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The economic downturn is tough on all of us, and the natural inclination is to slash budgets, and in particular IT budgets in order to adjust to the turmoil. However, much like economic experts and financial planners say that you need to view your individual investment portfolio as a long term investment and not focus on the day to day churn in the market, I think the same goes for your IT budget. Additionally, by consistently investing in and enhancing your IT infrastructure, you can streamline your business operations and ultimately save your company money.
Simply increasing or maintaining the IT budget isn't enough, however. Companies need to examine how they are investing their IT budget in order to increase their efficiency. Investing in IT infrastructure to improve the efficiency of the business instead of simply maintaining what already exists is paramount to saving money in the long term, and I believe this is where companies should focus their investments. Unfortunately, way too many IT organizations find themselves focused on maintaining their applications.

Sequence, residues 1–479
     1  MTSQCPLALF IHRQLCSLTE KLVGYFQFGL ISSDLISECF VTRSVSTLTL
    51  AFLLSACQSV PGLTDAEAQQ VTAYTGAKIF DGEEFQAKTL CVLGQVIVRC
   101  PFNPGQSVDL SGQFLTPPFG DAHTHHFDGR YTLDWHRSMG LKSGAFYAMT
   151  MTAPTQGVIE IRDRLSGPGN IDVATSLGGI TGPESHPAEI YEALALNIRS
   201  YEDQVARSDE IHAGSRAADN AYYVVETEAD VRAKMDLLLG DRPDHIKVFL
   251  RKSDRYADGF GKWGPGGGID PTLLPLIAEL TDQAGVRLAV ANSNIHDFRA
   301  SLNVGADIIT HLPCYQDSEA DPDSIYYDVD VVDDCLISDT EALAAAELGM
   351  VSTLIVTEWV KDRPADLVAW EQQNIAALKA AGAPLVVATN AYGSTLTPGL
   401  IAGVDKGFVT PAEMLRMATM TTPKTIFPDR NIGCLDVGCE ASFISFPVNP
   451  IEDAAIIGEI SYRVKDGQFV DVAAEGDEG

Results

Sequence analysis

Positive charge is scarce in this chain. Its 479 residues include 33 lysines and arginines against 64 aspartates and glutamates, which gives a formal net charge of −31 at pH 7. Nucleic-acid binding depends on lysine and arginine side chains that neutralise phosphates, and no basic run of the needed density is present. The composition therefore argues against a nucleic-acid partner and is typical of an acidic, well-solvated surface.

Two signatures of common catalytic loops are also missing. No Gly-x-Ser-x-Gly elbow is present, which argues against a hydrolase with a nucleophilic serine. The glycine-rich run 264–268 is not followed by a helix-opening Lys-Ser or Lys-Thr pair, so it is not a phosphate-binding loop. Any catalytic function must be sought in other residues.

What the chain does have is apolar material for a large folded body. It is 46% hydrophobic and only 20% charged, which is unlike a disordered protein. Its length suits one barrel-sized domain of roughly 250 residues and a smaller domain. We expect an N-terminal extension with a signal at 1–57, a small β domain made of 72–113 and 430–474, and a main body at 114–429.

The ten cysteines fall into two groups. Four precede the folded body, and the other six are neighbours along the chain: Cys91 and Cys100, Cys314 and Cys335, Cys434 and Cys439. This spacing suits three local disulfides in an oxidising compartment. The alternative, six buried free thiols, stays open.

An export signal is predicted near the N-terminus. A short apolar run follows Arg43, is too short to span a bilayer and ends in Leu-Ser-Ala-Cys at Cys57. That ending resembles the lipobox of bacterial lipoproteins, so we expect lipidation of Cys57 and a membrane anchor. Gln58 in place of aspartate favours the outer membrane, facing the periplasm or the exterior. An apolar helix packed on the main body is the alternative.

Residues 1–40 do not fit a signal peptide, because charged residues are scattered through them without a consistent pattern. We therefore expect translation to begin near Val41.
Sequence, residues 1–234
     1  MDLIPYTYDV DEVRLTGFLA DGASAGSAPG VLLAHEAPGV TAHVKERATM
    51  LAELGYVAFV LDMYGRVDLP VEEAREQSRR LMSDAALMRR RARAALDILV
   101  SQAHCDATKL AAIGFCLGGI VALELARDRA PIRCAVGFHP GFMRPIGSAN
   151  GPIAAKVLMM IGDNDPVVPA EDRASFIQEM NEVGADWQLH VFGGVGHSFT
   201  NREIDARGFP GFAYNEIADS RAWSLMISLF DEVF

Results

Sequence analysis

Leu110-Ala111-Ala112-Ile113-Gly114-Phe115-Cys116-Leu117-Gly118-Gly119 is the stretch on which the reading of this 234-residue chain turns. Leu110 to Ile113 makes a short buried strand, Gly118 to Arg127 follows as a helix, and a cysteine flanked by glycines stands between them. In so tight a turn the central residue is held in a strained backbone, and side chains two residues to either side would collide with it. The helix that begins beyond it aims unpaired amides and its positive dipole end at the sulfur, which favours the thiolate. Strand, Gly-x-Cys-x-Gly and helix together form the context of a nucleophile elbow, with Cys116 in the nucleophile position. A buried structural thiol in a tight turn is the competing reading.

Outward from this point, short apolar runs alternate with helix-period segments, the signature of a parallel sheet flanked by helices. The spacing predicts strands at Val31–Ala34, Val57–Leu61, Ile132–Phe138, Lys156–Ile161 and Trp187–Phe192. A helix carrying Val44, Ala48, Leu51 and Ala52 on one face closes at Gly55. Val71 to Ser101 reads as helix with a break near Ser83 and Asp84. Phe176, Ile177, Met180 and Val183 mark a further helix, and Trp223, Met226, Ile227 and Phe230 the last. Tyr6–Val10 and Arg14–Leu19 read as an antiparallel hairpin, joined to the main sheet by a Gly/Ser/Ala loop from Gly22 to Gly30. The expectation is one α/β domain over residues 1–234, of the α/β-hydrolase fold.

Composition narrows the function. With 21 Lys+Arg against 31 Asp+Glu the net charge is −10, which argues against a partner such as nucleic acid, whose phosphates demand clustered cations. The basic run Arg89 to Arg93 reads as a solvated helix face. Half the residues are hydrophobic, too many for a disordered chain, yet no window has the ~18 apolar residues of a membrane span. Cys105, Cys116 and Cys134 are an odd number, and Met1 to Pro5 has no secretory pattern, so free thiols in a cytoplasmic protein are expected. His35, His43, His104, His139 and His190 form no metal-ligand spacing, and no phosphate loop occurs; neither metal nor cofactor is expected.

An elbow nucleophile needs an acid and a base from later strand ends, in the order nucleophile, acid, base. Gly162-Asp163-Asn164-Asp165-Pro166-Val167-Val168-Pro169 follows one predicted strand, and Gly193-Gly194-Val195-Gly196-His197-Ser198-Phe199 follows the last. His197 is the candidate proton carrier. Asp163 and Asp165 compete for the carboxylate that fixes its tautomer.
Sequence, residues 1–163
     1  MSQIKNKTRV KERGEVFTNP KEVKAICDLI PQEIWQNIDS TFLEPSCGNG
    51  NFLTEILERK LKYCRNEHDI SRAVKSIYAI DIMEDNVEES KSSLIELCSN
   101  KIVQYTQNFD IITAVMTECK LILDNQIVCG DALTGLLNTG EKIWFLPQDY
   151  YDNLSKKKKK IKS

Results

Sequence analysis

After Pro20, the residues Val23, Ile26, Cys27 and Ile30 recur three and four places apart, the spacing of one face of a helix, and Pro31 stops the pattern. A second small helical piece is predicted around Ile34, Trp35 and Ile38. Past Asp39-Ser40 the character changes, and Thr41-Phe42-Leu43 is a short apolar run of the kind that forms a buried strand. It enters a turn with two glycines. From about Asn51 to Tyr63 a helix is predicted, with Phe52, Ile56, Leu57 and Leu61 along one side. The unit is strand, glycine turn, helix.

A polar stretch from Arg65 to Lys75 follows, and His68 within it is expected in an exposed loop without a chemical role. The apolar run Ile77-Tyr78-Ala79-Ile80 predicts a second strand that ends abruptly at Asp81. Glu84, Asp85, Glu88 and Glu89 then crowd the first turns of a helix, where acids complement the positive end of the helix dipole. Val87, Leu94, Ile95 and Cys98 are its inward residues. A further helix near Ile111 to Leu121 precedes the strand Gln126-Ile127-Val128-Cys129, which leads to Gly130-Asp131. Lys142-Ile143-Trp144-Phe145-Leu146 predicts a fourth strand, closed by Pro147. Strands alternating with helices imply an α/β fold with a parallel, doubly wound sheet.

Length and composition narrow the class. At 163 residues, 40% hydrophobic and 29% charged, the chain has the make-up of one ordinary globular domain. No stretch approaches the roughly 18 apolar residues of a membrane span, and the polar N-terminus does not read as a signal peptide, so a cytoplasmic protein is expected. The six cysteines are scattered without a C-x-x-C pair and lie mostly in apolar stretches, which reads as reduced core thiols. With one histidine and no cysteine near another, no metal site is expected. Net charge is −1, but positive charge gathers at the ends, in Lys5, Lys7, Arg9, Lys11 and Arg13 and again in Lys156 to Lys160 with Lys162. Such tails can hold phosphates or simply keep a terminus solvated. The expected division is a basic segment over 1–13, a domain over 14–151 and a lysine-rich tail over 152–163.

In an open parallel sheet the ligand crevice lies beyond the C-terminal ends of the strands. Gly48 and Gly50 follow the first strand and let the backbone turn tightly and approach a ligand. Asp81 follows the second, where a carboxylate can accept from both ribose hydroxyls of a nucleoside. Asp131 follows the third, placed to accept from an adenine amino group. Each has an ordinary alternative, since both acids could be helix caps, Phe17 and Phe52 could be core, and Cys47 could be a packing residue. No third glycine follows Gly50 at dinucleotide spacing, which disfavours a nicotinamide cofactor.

If IT organizations have to constantly reimplement or rearchitect their applications to integrate and utilize the newest technology and platform features, then they aren't focused on adding new capabilities to their applications that serve to make them more effective and efficient. Maintaining the application becomes the priority and developing new functions is secondary.
So when you look for an application development platform you want to look for one that applications are built to last. One where you can be assured that your investment in your application will be maintained despite all the changes and technology shifts that may occur in the market place.
For example, many OpenEdge customers have been using the OpenEdge platform for 5, 10, or even 15 years or more. Over time there have been several shifts in the way applications are built and deployed and the technology environments in which they execute. Each of these shifts brings with them new opportunities, and while many of these shifts have required Progress OpenEdge customers to make changes and enhancements to their applications, these customers have always been assured that the core business logic that is part of their application didn't need to change in order to take advantage of these opportunities.
View all posts from Ken Wilner on the Progress blog. Connect with us about all things application development and deployment, data integration and digital business.
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